Tech Didn’t Invent Growth Hacking—It Just Popularized It

Though it might have been called something different back in the day, growth hacking has been around for quite some time. A lot of us just mistakenly pair the term with today’s tech ethos.

 

Despite what you might think, growth hacking has been an integral part of business for at least four decades—and probably a lot longer.

 

How do I know that?

 

Over the July 4th weekend, I was able to spend time with my family, including an uncle I have not seen but a handful of times, as traveling with infant twins is not the most fun for me. He has great stories and life experiences.

 

I love listening to stories from different generations because there always seems to be a parallel that spurs thought. And it turns out that through this conversation with my uncle, I ended up finding out about some unexpected truths of growth hacking, or as I now define it, the process of investing time and energy to produce non-linear yields.

 

Growth Hacking in the Past

My uncle had to attend college at night in order to support his ill parents, my paternal grandparents whom I never met. He ended up turning a family tchotchke shop run out of their garage into a 27,000 square foot fine china store and the go-to place in town for high end offerings. The business and brand became so strong that he ultimately sold it.

 

In the late 1970s and early 1980s, my uncle’s shop was collocated with a jeweler. At the time, my uncle knew a sales rep who worked for a now-well-known brand that was struggling back then. Jewelers didn’t want to carry the, at the time, unknown and presumably unpopular brand.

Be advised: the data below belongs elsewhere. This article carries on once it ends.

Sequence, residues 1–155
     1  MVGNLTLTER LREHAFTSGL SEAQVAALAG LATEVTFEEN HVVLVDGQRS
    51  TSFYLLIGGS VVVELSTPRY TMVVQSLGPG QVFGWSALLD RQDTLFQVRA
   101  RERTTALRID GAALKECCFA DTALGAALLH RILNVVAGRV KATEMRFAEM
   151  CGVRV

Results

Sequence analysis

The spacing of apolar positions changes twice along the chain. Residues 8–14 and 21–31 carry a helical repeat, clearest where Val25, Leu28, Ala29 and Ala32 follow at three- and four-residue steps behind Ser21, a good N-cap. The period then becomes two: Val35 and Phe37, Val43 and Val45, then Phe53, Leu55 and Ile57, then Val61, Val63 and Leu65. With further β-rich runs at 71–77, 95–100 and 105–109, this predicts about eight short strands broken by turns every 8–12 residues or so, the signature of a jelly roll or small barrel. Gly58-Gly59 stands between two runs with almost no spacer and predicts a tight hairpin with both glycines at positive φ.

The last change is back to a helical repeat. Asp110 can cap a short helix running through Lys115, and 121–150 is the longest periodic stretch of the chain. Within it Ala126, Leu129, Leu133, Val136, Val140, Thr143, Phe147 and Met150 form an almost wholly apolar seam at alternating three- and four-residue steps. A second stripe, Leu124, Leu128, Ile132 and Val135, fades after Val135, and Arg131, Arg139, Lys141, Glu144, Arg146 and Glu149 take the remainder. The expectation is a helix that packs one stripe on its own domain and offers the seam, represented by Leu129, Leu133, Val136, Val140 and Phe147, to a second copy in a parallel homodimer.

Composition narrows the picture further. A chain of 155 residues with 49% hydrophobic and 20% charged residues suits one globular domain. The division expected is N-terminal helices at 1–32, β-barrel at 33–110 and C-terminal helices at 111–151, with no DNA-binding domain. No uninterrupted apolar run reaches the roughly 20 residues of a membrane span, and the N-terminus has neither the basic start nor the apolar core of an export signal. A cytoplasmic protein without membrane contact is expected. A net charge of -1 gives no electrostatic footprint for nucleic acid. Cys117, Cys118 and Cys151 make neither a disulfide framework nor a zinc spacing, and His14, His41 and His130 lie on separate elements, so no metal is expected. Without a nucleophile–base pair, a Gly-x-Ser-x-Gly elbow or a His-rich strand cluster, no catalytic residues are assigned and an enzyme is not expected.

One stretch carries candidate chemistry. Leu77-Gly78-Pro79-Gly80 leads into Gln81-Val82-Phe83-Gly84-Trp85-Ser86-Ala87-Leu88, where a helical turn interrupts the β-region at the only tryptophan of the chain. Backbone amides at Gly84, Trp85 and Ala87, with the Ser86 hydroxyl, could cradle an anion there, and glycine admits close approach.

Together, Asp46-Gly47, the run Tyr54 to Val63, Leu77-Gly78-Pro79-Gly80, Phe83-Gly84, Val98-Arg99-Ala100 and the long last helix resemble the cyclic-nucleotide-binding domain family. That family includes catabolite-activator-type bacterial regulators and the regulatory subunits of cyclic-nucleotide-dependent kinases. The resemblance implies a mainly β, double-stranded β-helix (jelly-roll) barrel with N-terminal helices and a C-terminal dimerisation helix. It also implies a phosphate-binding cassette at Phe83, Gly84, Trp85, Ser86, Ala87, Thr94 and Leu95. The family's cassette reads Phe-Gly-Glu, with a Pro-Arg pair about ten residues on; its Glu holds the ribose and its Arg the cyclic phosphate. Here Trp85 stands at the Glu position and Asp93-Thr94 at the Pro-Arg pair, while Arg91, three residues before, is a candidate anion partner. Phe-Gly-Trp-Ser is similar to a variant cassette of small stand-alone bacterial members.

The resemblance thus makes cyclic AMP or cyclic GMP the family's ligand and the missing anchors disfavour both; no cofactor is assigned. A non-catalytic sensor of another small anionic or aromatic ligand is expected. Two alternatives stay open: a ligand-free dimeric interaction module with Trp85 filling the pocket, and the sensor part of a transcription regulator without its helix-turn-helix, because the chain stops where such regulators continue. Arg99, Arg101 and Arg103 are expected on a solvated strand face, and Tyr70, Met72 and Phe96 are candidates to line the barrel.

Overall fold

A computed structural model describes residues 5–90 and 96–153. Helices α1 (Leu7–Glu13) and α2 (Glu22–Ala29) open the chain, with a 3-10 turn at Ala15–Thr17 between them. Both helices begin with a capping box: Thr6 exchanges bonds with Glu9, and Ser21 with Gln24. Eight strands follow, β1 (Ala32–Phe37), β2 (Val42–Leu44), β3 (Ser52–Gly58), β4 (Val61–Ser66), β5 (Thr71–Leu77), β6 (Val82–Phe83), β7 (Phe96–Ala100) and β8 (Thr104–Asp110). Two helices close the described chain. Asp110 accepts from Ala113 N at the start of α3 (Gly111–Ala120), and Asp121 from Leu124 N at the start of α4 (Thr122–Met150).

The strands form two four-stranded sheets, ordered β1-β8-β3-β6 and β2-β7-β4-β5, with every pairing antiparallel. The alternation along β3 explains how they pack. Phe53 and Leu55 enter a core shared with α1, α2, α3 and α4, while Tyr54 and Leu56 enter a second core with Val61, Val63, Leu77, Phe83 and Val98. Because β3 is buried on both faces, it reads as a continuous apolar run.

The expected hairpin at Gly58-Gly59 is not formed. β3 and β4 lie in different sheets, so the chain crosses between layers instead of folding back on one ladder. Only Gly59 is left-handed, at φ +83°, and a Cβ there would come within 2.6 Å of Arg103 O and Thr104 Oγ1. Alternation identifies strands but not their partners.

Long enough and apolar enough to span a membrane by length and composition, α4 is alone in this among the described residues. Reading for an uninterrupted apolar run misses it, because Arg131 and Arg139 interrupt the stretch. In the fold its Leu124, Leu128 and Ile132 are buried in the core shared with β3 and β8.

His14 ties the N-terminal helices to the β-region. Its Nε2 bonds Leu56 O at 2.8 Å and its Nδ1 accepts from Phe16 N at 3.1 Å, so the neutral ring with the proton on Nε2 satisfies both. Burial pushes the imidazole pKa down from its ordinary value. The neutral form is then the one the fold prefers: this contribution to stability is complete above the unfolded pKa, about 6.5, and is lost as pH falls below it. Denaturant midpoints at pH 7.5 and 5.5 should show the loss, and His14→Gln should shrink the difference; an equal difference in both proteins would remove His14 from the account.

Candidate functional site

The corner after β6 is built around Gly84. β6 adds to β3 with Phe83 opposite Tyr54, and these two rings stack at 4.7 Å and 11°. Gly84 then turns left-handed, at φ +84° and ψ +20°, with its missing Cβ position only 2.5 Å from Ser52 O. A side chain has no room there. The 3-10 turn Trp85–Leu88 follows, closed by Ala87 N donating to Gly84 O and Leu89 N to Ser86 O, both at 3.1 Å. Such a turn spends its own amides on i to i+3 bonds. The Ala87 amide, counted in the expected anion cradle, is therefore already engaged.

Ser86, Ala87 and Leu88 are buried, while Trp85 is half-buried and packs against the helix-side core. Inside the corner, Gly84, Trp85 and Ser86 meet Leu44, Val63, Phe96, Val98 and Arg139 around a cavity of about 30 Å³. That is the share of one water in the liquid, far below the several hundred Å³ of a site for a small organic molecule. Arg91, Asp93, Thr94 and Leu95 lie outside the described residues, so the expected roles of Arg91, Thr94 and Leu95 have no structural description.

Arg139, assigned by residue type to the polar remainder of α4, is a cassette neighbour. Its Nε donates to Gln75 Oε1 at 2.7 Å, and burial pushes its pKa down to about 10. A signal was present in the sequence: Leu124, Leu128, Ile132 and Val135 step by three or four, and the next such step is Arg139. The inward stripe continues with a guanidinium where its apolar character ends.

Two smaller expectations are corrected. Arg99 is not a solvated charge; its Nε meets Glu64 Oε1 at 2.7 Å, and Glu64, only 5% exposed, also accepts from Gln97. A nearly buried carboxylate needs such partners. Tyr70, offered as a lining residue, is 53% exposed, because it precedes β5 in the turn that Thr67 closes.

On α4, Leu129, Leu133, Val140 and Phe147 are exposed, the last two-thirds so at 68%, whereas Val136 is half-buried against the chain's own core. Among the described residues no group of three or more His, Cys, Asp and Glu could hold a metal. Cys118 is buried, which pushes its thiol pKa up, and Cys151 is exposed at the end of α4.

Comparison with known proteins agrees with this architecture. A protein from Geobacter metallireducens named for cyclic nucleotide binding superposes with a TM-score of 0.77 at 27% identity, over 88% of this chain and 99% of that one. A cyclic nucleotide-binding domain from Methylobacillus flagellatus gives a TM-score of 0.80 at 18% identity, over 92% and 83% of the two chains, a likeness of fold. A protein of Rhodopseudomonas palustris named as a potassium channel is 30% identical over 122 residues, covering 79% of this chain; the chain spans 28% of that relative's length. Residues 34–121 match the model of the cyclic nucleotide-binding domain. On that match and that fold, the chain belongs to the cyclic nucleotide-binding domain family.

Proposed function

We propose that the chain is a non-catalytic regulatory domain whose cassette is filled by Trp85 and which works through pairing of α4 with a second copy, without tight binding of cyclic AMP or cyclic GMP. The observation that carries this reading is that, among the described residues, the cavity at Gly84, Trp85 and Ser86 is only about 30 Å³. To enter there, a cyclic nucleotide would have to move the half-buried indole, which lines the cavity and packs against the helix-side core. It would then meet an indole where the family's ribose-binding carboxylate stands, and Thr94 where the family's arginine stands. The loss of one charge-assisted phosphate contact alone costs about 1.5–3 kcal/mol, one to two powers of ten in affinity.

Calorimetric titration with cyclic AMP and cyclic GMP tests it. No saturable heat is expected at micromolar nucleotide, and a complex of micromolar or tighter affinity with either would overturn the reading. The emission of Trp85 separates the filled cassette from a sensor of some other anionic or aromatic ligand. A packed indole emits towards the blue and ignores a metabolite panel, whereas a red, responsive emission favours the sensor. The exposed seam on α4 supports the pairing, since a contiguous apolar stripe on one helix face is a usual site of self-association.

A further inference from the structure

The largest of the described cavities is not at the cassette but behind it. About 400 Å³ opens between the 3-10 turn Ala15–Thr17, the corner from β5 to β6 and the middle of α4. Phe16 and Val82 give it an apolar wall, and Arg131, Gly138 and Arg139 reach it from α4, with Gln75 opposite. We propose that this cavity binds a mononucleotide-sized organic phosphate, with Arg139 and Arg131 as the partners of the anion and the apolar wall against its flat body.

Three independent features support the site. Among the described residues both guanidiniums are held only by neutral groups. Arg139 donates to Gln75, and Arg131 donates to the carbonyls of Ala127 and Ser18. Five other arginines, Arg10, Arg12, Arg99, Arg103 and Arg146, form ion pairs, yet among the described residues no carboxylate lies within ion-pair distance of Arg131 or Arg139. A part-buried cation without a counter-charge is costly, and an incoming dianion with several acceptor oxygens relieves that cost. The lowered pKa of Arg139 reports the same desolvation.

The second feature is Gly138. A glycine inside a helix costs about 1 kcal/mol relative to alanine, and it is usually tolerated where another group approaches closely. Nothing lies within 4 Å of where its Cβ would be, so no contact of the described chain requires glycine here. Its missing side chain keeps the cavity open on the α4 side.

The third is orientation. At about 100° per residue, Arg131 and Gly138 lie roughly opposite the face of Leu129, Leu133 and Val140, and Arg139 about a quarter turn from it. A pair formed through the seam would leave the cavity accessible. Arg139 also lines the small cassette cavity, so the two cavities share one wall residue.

Rather than giving up, the rep devised a pretty slick scheme to make sure jewelry stores started carrying his watches. He hired a bunch of people to pretend to be customers and call area jewelry stores telling them they saw people wearing the brand’s watches and asking whether they carried them.

 

The stores told the faux customers they didn’t carry the brand. But eventually, shop owners asked the rep whether they could indeed sell the brand.

 

Today, we’d call this growth hacking.

 

Growth Hacking Isn’t New

As mentioned at the start of this piece, we tend to think of growth hacking as internet-driven phenomenon. But it’s really not. If anything, an understanding of tech helps, e.g., the watch sales rep leveraged phones and understood caller ID workarounds.

 

But it wasn’t the primary driver.

 

Growth hacking, in the truest sense, is not an internet or tech mechanism. It’s not about a viral coefficient. To drive business, you need to understand your market, your product, and growth. You also need an innate understanding of how people react.

 

Once you realize your product isn’t seeing success on the market, turn to growth hacking to try and figure out how to make it work. But you need to remember that no growth hack is going to catapult a terrible product to the top. You need to have a solid product in the first place.

 

Back to the watch sales rep: The watches weren’t in stores, but the rep knew they were great. Thanks to his growth hacks, stores started carrying them and they took off. But that never would have happened, on any sustained basis, if the watches were terrible products.

 

Real Growth Hacking is Timeless

In the end, there is a timeless to growth hacking. But it also means we need to get beyond the term “growth hacking”—which is often associated with quick wins and unscalable models. I had that connotation, which meant I missed that perhaps growth hacking is so popular is because it’s been going on forever.

 

The tech industry just decided to give it a name.

 

It bears repeating: Growth hacking will only work if the product deserves the fit. You can’t hit scale with a bad product. The only reason the term is so sticky is due to the fact it describes smart, savvy people building businesses. It is about more than “grit” and “hustle.” It is also about market insight and strategy.

 

So, while technology didn’t create growth hacking, it certainly made it more accessible by lowering the bar—which is both a blessing and a curse. That is why, today, anyone can become a “growth hacker.” But, not everyone has implemented any real growth hacks.